Finishing Touches

Since May 2018, the Museum has been building two new 600-square foot classrooms, accessible from the Museum courtyard, just beyond the Kite-Eating Tree. Since 2008, the Museum has been hosting classes and camps in the Annex classroom, a short walk from the Museum. The new building will replace the Annex and allow the Museum to offer more camps and classes for all ages—including camps for different age groups at the same time—all in one drop-off location at the Museum.

Designed by Samaha + Hart Architecture, the building (as seen in the architectural renderings below) will have an outside play area separate from the Museum courtyard so that young campers and other guests have their own space to enjoy. Large glass windows facing the Museum will allow visitors to peek inside, just like the current thought-bubble-shaped window into the upstairs Education Room.

The construction and resulting transformation of the Museum grounds have been fascinating to watch. As the finishing touches are being added to our new classroom buildings, I have been particularly involved with the landscaping, as I love the plantings.

Here are some of the features in our updated outdoor space:

Trees and shrubs line the new redwood fence surrounding the building.

A beautiful green lawn provides a comfortable play area right outside of the classrooms’ big expanse of sliding doors.

At the far end of the lawn, we added a “daydreaming mound” for kids to watch the clouds roll by. The mound was inspired by the Peanuts strip below in which Charlie Brown, Linus, and Lucy lay down on a hill and discuss what they see in the cloud formations. After Linus goes on to explain the elaborate images he sees, Charlie Brown replies, “Well, I was going to say I saw a ducky and a horsie, but I changed my mind!”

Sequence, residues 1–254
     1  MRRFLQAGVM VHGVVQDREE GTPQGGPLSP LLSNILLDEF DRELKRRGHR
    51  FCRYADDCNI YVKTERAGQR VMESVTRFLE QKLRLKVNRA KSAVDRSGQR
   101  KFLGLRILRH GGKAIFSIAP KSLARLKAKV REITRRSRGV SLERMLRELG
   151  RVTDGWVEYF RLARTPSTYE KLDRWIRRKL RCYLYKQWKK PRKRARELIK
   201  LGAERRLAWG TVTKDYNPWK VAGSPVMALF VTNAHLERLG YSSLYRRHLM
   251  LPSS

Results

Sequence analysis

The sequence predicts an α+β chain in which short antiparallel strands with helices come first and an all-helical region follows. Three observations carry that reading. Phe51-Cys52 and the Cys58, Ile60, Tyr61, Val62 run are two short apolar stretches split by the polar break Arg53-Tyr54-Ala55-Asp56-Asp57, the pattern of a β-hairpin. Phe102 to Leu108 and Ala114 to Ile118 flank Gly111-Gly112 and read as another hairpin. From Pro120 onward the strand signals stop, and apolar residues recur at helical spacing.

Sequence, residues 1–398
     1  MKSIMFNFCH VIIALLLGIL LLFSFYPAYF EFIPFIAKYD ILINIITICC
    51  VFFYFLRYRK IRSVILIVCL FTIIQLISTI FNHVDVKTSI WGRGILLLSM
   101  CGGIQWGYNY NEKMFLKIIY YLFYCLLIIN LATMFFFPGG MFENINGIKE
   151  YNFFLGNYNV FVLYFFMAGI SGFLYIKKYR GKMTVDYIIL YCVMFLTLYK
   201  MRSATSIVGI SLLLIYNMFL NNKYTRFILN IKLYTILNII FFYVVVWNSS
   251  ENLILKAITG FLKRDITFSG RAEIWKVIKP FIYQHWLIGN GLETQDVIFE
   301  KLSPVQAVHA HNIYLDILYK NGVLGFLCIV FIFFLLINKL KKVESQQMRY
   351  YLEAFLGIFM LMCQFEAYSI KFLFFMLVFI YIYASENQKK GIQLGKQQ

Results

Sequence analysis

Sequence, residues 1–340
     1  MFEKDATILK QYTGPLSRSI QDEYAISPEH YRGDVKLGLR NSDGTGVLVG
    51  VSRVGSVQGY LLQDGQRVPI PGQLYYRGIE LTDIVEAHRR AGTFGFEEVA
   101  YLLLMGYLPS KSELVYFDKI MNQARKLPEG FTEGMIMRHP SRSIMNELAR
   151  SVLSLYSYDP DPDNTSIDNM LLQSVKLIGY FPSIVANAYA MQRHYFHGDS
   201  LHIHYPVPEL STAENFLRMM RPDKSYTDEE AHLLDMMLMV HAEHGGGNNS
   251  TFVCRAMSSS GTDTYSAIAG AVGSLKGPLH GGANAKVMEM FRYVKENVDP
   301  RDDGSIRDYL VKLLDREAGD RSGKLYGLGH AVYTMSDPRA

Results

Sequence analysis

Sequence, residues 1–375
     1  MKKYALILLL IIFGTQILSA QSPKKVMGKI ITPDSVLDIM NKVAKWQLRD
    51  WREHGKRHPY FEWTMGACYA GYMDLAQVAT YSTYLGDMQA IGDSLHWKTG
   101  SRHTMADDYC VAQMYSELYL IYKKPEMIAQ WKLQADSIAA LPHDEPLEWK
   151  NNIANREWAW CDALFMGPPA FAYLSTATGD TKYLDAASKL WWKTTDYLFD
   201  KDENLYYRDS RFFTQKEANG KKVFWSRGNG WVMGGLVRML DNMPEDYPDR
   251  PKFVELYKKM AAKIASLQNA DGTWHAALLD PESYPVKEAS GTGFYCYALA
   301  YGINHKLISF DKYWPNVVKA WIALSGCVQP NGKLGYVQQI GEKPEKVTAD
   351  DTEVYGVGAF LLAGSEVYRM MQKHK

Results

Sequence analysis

Peanuts strip first published on August 14, 1960.

To create the mound, the landscapers first shaped the dirt to the right size and then carefully aligned strips of sod over it.

Our neighbors at the Children’s Museum of Sonoma County have a whimsical windmill that our visitors can watch lazily turn.

Looking back toward the Museum from the classrooms, yellow and black bricks adorn the courtyard in a signature Peanuts zig-zag pattern.

In front of the classrooms, there is a large planter box filled with stones and a tree.

Linus and Charlie Brown in the courtyard have newly refurbished landscaping around them as well.

Finally, the large planter in front of the Museum’s entrance is also being revamped. This tree was the ‘star of the show’ until it pretty much gave up the ghost this year.

It was a beautiful cherry tree filled with glorious white blossoms in the spring that matched the half dozen cherry trees in the back courtyard. Sadly, several of those in the back had to be removed to make room for the construction of the classrooms, but the new plantings and updated grounds welcome a fresh start. The cherry tree in the entry courtyard will be replaced this winter with one that we hope will have a long life in that particular environment.

We look forward to having more space for educational programs and camps by the end of the year. Check back for updates about the building’s opening date and be sure to peek inside the new structure on your next visit!

—Jean Schulz

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